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Leigh Baldwin & Co.

112 Albany Street, Cazenovia, NY 13035 | Phone: (315) 655-2964 Toll Free: 1-800-659-8044

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Day Traders Diary



U.S. equities got off to a good start on Tuesday, but began declining soon thereafter, finishing the session on a broadly lower note. The S&P 500 and the Dow Jones Industrial Average ended with losses of 0.6% and 0.7%, respectively, while the Nasdaq Composite, which hit new all-time highs in the two prior sessions, dropped 1.0%.

The top-weighted technology and financials sectors, which comprise around 40% of the broader market combined, led Tuesday's tumble, dropping 1.2% and 1.1%, respectively. Cyclical sectors underperformed in general, while some countercyclical groups, like health care (+0.2%) and utilities (+0.2%), actually finished in the green.

Qualcomm (QCOM 59.70, -3.11) was the worst-performing component in the S&P 500 with a loss of 5.0%. The semiconductor giant sold off after President Trump blocked Broadcom's (AVGO 261.22, -1.62) takeover effort, citing risks to national security. Dow component General Electric (GE 14.43, -0.67) also had a disappointing performance, dropping 4.4%, after JP Morgan slashed its price target from $14 to $11, which is the lowest price forecast among the 16 research firms that cover GE.

The major averages were either at, or below, their flat lines by midday, but selling accelerated in the afternoon following a Politico headline that the White House could announce "steep" tariffs and investment restrictions on China as soon as next week. The threat of such action against China has been present for some time, so the headline wasn't unexpected per se. However, it did serve as a sobering reminder that the trade war issue is still simmering and could soon hit a boiling point if China decides to retaliate.

Separately, President Trump ousted Secretary of State Rex Tillerson on Tuesday and nominated CIA Director Mike Pompeo to replace him.

Investors received some key inflation data on Tuesday, the Consumer Price Index for February, and breathed a sigh of relief after it showed that consumer inflation is not accelerating in a worrisome fashion. The CPI increased 0.2% last month, as expected, after rising 0.5% in January. Meanwhile, the core CPI, which is seen as a better long-term gauge of inflation as it excludes the volatile categories of food and energy, also met expectations with a 0.2% month-over-month increase, down from 0.3% in January.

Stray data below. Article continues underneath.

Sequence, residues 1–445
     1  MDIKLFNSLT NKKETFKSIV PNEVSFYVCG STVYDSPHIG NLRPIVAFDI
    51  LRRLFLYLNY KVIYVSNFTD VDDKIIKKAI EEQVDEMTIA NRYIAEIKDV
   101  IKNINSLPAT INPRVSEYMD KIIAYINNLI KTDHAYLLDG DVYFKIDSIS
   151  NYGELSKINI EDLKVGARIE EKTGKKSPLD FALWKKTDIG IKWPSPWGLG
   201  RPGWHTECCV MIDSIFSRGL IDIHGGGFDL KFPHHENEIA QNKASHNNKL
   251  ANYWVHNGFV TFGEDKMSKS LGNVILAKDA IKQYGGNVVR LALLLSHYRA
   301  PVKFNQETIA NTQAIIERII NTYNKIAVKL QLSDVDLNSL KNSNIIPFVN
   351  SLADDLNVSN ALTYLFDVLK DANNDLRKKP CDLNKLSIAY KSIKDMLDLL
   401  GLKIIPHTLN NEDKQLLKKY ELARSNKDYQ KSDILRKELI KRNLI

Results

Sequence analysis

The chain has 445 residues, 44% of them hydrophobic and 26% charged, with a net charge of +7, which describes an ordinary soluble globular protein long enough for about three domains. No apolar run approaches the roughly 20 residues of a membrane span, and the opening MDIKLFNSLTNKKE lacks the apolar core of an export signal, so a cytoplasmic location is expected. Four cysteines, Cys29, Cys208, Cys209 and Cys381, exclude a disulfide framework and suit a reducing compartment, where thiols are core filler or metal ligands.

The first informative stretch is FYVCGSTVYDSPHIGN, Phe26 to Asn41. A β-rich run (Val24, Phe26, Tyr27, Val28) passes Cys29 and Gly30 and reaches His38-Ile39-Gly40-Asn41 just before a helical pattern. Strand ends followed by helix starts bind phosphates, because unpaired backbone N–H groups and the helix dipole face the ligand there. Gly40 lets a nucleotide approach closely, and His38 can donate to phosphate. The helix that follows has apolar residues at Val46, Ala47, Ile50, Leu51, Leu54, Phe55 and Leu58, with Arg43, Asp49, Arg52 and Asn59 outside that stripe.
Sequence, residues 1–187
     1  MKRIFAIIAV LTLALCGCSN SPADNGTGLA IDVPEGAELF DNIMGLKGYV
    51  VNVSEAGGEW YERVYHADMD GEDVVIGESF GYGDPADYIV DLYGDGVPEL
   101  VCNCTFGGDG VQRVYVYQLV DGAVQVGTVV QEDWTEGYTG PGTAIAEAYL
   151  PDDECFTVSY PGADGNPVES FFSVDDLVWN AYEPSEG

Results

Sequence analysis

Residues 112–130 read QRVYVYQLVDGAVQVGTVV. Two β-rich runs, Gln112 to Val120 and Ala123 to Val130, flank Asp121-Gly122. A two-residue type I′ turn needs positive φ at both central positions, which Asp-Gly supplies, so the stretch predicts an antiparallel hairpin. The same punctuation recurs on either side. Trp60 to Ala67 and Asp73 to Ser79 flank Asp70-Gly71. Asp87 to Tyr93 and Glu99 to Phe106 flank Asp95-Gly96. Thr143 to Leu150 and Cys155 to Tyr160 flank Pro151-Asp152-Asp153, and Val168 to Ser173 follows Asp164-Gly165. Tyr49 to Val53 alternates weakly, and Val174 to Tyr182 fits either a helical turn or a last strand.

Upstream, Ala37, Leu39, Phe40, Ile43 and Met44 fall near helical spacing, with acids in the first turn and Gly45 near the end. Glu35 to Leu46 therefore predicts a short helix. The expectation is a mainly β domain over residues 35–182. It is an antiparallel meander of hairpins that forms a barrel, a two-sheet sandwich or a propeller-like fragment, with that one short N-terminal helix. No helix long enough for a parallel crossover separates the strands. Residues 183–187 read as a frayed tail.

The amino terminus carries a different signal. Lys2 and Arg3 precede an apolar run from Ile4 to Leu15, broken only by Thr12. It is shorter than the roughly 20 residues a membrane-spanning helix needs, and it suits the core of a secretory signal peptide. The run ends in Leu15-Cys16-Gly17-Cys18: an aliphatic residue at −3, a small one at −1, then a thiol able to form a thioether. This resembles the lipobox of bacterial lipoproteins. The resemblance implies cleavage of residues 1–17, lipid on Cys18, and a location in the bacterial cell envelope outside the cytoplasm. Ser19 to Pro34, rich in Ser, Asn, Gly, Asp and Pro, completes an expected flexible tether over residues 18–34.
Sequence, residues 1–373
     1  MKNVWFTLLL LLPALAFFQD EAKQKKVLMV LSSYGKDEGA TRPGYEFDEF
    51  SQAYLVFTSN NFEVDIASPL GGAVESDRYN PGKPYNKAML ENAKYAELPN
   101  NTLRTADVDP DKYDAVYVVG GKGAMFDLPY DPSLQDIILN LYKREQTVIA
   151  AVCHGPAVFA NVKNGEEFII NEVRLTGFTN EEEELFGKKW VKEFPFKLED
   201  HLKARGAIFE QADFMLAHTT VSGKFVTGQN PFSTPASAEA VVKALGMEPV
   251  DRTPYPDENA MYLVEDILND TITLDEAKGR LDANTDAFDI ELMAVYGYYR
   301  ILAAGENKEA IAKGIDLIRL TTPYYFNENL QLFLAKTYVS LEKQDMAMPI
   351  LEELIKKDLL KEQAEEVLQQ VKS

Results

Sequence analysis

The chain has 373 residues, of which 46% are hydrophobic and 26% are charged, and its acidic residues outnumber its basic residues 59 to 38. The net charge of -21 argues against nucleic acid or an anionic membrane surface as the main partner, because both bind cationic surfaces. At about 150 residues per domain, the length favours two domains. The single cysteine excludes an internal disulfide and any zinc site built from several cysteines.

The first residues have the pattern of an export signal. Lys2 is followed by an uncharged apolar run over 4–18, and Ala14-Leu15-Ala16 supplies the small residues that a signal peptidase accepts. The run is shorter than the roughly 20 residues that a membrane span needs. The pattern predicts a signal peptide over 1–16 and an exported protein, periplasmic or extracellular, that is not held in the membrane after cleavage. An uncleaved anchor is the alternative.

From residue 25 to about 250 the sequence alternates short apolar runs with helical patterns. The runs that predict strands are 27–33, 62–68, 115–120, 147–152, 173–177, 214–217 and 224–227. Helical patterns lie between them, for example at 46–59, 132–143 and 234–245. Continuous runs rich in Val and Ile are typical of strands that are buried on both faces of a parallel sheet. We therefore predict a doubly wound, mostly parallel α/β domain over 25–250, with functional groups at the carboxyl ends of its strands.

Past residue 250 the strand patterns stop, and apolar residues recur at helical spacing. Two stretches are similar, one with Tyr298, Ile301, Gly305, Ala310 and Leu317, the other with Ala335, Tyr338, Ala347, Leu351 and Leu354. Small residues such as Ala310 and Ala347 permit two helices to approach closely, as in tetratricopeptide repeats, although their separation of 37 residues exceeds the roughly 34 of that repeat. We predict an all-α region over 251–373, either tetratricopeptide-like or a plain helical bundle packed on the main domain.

With those monthly changes, total CPI was up 2.2% year over year, which is more than the 2.1% reading registered in January, and core CPI was up 1.8%, unchanged from the 12 months ending January. The Fed aims for a year-over-year increase of 2.0% in core inflation, but prefers to use the PCE Price Index over the CPI.

In the bond market, U.S. Treasuries ended Tuesday on a mostly higher note, with longer-dated issues pacing the advance. The benchmark 10-yr yield, which moves inversely to the price of the 10-yr Treasury note, slipped two basis points to 2.85%. Meanwhile, the 2-yr yield finished flat at 2.26%.

Looking ahead, investors will receive a sizable batch of economic data on Wednesday: Retail Sales for February ( consensus +0.3%) and the Producer Price Index for February ( consensus +0.1%) will both be released at 8:30 AM ET, while the less influential Business Inventories report for January ( consensus +0.6%) will cross the wires at 10:00 AM ET. Also of note, the Energy Information Administration will release its weekly crude inventory report at 10:30 AM ET.

  • Nasdaq Composite: +8.8% YTD
  • S&P 500: +3.4% YTD
  • Dow Jones Industrial Average: +1.2% YTD
  • Russell 2000: +3.7% YTD


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